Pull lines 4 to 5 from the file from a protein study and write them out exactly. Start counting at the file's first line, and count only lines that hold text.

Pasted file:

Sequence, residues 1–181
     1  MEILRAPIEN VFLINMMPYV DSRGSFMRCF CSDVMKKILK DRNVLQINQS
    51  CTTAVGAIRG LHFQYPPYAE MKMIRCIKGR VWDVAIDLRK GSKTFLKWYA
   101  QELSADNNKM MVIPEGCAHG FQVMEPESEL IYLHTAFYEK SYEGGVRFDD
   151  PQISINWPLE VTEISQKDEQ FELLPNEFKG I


   101  QELSADNNKM MVIPEGCAHG FQVMEPESEL IYLHTAFYEK SYEGGVRFDD
   151  PQISINWPLE VTEISQKDEQ FELLPNEFKG I